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Thursday, April 10


Janet King, ABC1, 8.30pm

The title of the ABC's Crownies spinoff could be the world's greatest sleep aid. Janet … snore. Luckily, ''Janet King'' is the only forgettable thing about Janet King, from the glossy opening credits that reek of the polished treachery of Gotham City (our very own Sydney, naturally) to a storyline that reaches a penultimate thrill this week with all sorts of twists and hunches. Marta Dusseldorp is as impressive as ever as the senior crown prosecutor with a spine of steel, facing down corruption on a level technically known as ''mega''. Damian Walshe-Howling, meanwhile, puts the subtle creepiness (which made his presence as the love interest in The Time of OurLives so jarring) to good use as prosecutor Owen Mitchell.

Mexican Fiesta with Peter Kuruvita, SBS One, 7.30pm

''I don't really think I knew what Mexican food was until I got here,'' says Peter Kuruvita, which really begs the question: what the bloody hell were you doing filming a TV cooking show about it, then? Sigh. Kuruvita is not the only TV chef guilty of indulging in the naif abroad act, but his efforts are doomed to lack the special insight of, for example, Luke Nguyen in Vietnam that would lift his efforts above the quotidian. I cannot really blame Kuruvita for saying ole to the mole: Mexican food is as figuratively hot as a habanero, and he makes an effort to get down with its distinct regionalism, but, ultimately, Kuruvita dishes up the culinary equivalent of Postcards. They eat iguana! They eat insects! It flits along merrily enough, with folksy home cooks sharing their tips with the ever-appreciative host, who gads about with a backpack in the pretence he doesn't have a camera crew to do that kind of thing for him.

Law & Order: SVU, Ten, 9pm

The Special Victims Unit (read: sex crimes investigators) get an interesting one this week when a naive rising gridiron star from Georgia visits a New York college on a recruitment drive and winds up in all sorts of trouble. It is the ruggedly masculine culture of college football that comes under the investigators' spotlight, which gets top marks for topicality on the heels of Missouri college football star Michael Sam's recent self-outing.




The Tomorrow People, Fox8, 7.30pm

A reasonably interesting teen sci-fi series based on the 1973 British show of the same name. Actually, it's not sci-fi at all - just superhero fantasy in sci-fi drag. Teen Stephen Jameson (Robbie Amell) is one of the titular Tomorrow People, a bunch of folks with mutations that empower them with telepathy, telekinesis and teleportation but which somehow prevent them from killing people. Stephen learnt all this from fellow Tomorrow Kids John (Australian Luke Mitchell) and Cara (Peyton List), who live in hiding from Stephen's uncle Jedikiah, who heads a shadowy organisation dedicated to hunting down and possibly killing every last Tomorrow Person on Earth. So Stephen will join up with John and Cara to fight his uncle, right? Maybe, but tonight he starts of working for Jedikiah. It's all very action-packed and - if you accept the preposterous premise - quite well constructed. Unfortunately, it's full of misleading nonsense. One mutation does not a new species make - blondes are still homo sapiens, after all.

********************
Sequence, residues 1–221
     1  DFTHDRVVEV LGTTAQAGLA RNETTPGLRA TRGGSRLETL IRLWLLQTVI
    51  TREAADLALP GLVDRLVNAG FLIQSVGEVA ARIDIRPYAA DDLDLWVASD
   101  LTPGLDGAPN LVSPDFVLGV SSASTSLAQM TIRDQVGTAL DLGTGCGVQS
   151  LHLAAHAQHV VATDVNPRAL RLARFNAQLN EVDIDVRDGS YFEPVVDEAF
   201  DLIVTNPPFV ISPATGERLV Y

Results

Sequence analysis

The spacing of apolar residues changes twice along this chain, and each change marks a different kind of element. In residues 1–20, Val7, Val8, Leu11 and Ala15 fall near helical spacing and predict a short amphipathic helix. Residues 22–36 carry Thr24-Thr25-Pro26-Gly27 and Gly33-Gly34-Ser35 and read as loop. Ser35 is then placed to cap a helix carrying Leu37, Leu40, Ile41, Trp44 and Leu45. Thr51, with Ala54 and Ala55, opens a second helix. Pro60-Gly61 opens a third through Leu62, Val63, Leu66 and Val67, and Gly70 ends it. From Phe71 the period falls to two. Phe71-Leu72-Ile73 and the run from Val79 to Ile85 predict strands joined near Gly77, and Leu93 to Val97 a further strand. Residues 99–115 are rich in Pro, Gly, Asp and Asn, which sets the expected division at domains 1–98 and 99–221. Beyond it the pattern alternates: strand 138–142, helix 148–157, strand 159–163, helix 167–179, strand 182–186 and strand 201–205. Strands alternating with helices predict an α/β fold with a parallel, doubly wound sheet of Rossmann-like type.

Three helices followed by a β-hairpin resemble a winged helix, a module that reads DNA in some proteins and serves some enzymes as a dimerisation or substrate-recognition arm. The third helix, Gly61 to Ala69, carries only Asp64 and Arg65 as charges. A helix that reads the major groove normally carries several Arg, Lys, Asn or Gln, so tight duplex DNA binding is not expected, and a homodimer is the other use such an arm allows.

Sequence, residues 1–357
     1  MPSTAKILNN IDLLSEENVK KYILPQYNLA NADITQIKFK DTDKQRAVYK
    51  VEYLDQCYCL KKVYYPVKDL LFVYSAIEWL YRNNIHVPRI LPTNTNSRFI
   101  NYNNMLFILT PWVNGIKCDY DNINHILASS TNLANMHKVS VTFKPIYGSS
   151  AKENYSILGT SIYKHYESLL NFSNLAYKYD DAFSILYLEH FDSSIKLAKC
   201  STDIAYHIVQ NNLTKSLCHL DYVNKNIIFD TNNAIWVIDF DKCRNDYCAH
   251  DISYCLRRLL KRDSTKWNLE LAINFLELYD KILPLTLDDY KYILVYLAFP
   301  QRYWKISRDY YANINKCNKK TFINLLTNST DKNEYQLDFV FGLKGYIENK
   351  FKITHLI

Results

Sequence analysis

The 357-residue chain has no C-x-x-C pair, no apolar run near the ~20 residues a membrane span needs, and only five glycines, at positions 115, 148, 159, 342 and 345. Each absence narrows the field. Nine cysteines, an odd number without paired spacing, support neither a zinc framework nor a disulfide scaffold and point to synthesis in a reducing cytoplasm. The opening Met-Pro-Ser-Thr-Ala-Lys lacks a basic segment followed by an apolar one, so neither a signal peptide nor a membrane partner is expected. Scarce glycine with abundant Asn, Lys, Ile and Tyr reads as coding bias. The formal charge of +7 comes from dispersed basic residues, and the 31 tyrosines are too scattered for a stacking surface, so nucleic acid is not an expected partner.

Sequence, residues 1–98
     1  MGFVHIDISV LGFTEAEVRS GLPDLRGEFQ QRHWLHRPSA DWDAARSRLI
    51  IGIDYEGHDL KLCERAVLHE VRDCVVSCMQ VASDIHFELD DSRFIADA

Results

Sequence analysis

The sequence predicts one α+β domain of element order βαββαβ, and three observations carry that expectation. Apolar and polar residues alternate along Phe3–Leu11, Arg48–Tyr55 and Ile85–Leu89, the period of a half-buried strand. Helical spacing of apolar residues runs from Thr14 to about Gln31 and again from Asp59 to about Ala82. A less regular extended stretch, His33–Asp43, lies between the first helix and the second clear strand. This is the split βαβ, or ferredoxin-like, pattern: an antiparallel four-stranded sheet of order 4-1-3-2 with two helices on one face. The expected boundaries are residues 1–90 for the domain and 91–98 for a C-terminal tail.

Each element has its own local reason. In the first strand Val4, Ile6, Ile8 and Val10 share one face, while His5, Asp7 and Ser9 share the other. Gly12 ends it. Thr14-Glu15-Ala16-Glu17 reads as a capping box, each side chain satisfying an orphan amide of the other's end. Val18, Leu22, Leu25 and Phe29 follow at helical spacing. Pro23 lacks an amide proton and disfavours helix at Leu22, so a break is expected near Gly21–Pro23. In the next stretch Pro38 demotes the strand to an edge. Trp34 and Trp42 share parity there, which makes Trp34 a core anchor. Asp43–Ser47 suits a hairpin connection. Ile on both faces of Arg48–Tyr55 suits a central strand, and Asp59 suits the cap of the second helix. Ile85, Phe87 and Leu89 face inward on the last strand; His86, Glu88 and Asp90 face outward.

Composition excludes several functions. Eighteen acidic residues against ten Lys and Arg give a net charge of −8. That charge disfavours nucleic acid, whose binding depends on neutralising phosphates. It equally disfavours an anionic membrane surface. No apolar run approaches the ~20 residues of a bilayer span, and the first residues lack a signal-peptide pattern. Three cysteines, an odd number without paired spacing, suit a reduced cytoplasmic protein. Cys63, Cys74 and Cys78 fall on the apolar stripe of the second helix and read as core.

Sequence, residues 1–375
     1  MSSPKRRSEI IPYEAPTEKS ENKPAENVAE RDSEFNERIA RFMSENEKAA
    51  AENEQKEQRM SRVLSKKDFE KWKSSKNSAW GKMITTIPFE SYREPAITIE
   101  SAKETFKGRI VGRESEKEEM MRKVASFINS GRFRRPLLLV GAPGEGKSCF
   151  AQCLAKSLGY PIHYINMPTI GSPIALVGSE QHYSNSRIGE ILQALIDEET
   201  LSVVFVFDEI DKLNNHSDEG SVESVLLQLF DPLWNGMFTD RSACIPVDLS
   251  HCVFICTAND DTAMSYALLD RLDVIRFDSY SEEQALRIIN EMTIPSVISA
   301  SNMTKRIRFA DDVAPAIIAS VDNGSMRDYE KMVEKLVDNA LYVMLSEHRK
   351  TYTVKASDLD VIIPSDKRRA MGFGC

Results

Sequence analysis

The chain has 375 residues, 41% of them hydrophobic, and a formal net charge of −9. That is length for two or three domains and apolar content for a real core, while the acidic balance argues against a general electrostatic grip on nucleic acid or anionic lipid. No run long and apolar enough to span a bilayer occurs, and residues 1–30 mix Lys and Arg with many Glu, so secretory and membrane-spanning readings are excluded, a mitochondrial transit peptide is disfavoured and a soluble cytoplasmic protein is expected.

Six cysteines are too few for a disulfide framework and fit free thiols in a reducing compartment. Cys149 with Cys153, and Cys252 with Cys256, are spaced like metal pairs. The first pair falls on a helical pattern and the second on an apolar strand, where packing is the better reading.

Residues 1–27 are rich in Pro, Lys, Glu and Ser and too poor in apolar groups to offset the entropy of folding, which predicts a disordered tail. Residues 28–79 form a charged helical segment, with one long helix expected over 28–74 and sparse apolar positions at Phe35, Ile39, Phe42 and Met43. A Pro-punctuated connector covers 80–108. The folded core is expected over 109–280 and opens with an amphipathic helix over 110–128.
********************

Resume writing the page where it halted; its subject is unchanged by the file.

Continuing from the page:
Break'n Reality, Studio, 7.30pm

Documentary series following three B-boys as they prepare for last year's BC One breakdancing championship. Tonight French B-boy Lilou is in his father's home province in Algeria - where he finds he is a huge source of pride for relatives and local dignitaries.



The Social Network (2010) Go, 9.30pm

The world of online start-ups, high-tech innovation and venture capitalism is essentially a new boys' club, one where men advance each other and create institutions to safeguard their positions.

It is telling that screenwriter Aaron Sorkin and director David Fincher bookended their take on the rise and rise of Facebook founder Mark Zuckerberg (Jesse Eisenberg) with calm and accomplished dissections of his failings by women: first Rooney Mara's insulted former girlfriend and then Rashida Jones' jury expert.

In between, you see how the frantic Zuckerberg is always reaching for something he does not have, even as it reveals his flaws. From Harvard to Palo Alto, the film echoes previous dissections of wealth and power, such as Citizen Kane, with Zuckerberg's most enduring relationships with those who ultimately sue him, including former partner Eduardo Saverin (Andrew Garfield) and the privileged Winklevoss twins (Armie Hammer). Justin Timberlake adds a seductive jolt as Sean Parker, a charismatic enabler.

Death Proof (2007) Action Movies (pay TV), 1.30pm

Death Proof began as one half of Grindhouse, a three-hour-long compendium featuring faux exploitation films by Quentin Tarantino and Robert Rodriguez (Sin City) that served as a mixture of imitation and tribute to the nasty B movies on which the pair grew up in the 1970s and '80s. The exercise in fandom did so poorly upon release in the US that it was shelved and scenes were added to Death Proof so it could stand alone, making it a trying experience. It is overflowing with talk, mainly between two groups of young women who are connected by the charming maniac, Stuntman Mike (Kurt Russell), who stalks them in his engorged muscle car.

They talk about sex as they drive around town, but any empowerment derived from their ready assessments of pleasure and possibility is neatly struck down by the leering camera. A good car chase can only rectify so much.